The colorado potato beetle, Leptinotarsa decemlineata Say (Coleoptera: Chrysomelidae), is the leading insect pest of potato (Solanum tuberosum L.) in northern latitudes. Host plant resistance has the potential use in an integrated pest management program for control of colorado potato beetle. During the 1998 and 1999 seasons, field studies were conducted to compare natural (leptine glycoalkaloids and glandular trichomes), engineered (Bt-cry3A and Bt-cry5 transgenic potato lines), and combined (Bt-cry5+glandular trichomes) plant resistance mechanisms of potato for control of colorado potato beetle. Nine different potato clones representing five different host plant resistance mechanisms were evaluated under natural colorado potato beetle infestation at the Montcalm Research Farm in Entrican, Michigan. The Bt-cry3A transgenic lines, the high leptine line (USDA8380-1), and the high foliar glycoalkaloid line (ND5873-15) were most effective for controlling defoliation by colorado potato beetle adults and larvae. The Bt-cry5 line (SPc5-G2) was not as effective as the Bt-cry3A transgenic lines ('Russet Burbank Newleaf,' RBN15, and YGc3.1). The glandular trichome (NYL235-4) and Bt-cry5+glandular trichome lines proved to be ineffective. Significant rank correlations for the potato lines between the two years were observed for egg masses, second and third instar, and fourth instar seasonal cumulative mean number of individuals per plant, and defoliation. Egg mass and first instar seasonal cumulative mean number of individuals per plant were not strong indicators of host plant resistance in contrast to second and third instars or adults. Based on these results, the Bt-cry3A transgenic lines, the high leptine line, and the high total glycoalkaloid line are effective host plant resistance mechanisms for control of colorado potato beetle.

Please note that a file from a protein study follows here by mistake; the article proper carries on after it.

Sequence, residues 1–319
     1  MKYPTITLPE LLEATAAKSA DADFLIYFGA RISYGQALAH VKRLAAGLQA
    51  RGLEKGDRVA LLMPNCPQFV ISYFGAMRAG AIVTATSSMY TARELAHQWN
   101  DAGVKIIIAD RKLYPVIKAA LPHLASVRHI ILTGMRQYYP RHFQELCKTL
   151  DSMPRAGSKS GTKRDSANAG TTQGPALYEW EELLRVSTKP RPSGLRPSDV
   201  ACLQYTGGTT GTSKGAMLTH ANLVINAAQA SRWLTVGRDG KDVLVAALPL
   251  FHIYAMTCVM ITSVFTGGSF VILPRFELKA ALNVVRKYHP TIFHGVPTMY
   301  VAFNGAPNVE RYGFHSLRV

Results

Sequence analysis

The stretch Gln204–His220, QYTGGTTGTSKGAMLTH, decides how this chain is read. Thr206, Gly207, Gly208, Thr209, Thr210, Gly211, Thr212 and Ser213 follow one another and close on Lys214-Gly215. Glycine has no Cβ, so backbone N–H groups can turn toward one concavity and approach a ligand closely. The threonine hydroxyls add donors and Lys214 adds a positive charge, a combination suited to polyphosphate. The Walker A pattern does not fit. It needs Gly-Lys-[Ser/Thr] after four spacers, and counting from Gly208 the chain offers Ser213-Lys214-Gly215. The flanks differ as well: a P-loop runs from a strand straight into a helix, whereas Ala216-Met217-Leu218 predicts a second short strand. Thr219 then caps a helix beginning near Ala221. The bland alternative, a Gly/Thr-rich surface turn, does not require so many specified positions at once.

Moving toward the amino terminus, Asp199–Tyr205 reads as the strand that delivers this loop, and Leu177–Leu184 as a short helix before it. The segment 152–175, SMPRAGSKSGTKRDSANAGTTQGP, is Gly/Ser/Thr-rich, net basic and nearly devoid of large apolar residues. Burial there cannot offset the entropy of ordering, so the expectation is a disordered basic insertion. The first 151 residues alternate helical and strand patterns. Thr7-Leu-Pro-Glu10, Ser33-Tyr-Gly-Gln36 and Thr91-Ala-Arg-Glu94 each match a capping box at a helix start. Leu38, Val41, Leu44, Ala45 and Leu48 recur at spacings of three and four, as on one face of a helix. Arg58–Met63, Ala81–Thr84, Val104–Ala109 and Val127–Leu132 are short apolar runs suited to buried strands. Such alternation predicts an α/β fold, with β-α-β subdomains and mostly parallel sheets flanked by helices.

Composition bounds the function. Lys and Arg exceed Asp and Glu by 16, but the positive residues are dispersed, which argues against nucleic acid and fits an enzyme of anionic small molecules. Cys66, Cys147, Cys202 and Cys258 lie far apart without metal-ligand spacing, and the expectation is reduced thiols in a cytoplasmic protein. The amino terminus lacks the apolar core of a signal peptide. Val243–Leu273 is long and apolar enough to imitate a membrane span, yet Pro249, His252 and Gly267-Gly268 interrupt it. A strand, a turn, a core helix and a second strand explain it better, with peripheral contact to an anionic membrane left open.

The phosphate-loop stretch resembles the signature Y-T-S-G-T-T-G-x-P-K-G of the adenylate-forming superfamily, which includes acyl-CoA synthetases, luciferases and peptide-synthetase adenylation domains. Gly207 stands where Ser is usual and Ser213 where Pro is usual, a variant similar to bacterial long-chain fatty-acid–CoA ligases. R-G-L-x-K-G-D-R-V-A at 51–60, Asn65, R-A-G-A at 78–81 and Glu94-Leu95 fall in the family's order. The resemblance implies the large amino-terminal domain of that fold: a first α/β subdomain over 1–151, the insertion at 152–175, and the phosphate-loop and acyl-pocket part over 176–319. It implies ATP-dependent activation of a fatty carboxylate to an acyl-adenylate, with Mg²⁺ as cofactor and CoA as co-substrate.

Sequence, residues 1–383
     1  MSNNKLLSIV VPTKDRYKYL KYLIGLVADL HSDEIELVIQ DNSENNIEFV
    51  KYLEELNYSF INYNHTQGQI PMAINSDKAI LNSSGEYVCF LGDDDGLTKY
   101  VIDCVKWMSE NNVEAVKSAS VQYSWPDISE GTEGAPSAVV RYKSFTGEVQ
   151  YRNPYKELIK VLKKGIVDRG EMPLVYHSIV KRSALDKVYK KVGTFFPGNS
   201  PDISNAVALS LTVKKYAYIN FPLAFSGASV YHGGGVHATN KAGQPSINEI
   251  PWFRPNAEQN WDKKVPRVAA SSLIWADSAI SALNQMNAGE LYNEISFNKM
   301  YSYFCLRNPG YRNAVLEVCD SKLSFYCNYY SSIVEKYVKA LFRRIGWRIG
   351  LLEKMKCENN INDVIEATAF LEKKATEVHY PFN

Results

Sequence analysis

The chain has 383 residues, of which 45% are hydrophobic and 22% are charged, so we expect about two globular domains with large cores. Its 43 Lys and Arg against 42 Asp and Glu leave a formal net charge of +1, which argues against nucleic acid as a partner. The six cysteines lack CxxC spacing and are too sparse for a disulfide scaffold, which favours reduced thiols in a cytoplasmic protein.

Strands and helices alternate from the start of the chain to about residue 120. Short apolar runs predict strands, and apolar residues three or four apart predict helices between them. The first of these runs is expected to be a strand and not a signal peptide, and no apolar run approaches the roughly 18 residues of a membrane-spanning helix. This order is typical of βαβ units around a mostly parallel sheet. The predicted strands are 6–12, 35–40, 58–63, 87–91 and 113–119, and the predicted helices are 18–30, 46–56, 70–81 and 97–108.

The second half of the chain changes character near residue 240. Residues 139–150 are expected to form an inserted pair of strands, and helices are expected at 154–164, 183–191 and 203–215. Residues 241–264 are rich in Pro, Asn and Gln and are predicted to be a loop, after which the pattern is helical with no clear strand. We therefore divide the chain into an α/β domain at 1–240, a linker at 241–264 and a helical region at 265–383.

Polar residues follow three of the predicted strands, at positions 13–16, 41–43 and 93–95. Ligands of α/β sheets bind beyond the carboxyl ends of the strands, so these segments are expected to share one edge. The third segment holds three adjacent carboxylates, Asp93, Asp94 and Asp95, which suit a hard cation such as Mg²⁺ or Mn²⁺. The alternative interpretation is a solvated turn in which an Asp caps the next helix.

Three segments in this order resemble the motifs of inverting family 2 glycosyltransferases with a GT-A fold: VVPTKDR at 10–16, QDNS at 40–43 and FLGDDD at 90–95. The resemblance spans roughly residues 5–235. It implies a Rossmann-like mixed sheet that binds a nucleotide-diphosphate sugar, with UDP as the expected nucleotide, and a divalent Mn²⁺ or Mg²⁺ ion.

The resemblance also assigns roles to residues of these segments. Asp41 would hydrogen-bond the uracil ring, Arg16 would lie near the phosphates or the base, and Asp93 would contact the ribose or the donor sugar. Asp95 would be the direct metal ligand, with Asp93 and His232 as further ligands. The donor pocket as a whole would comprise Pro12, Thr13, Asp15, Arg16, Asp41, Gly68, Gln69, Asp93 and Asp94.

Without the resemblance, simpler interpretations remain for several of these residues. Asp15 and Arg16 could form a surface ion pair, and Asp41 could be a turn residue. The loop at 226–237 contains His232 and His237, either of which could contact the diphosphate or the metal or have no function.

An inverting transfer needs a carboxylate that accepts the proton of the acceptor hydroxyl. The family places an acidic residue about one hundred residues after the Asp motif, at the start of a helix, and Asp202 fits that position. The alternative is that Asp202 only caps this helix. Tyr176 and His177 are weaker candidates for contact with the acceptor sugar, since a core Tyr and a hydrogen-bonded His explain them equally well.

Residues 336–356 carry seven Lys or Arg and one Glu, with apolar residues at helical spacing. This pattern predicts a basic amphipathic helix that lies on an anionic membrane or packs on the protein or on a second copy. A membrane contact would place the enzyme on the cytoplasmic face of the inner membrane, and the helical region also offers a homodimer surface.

The Colorado potato beetle [Leptinotarsa decemlineata Say (Coleoptera: Chrysomelidae)] is a destructive pest of the cultivated potato (Solanum tuberosum L.) in northern latitudes. Combining resistance mechanisms of leptine glycoalkaloids and glandular trichomes with the synthetic Bacillus thuringiensis Berliner (Bt) cry3A gene in potato may be an effective strategy for controlling the Colorado potato beetle. Bt-cry3A transgenic plants were developed for three potato lines with differing levels of resistance to Colorado potato beetle ['Yukon Gold' (susceptible control), USDA8380-1 (leptine glycoalkaloids), and NYL235-4 (glandular trichomes)]. Polymerase chain reaction, and Southern and northern blot analyses confirmed integration and transcription of the cry3A gene in the transgenic lines. Detached-leaf bioassays of the cry3A engineered transgenic lines demonstrated that resistance effectively controlled feeding by first instar Colorado potato beetles. The susceptible `Yukon Gold' control suffered 32.3% defoliation, the nontransformed high foliar leptine line (USDA8380-1) had 3.0% defoliation, and the nontransformed glandular trichome line (NYL235-4) had 32.9% defoliation. Mean percentage defoliation for all transgenic lines ranged between 0.1% and 1.9%. Mean mortality ranged from 0.0% to 98.9% among the Bt-cry3A transgenic lines, compared to 20% for the susceptible `Yukon Gold' control, 32.2% for USDA8380-1, and 16.4% for NYL235-4. Results indicate that genetic engineering and the availability of natural resistance mechanisms of potato provide the ability to readily combine host plant resistance factors with different mechanisms in potato.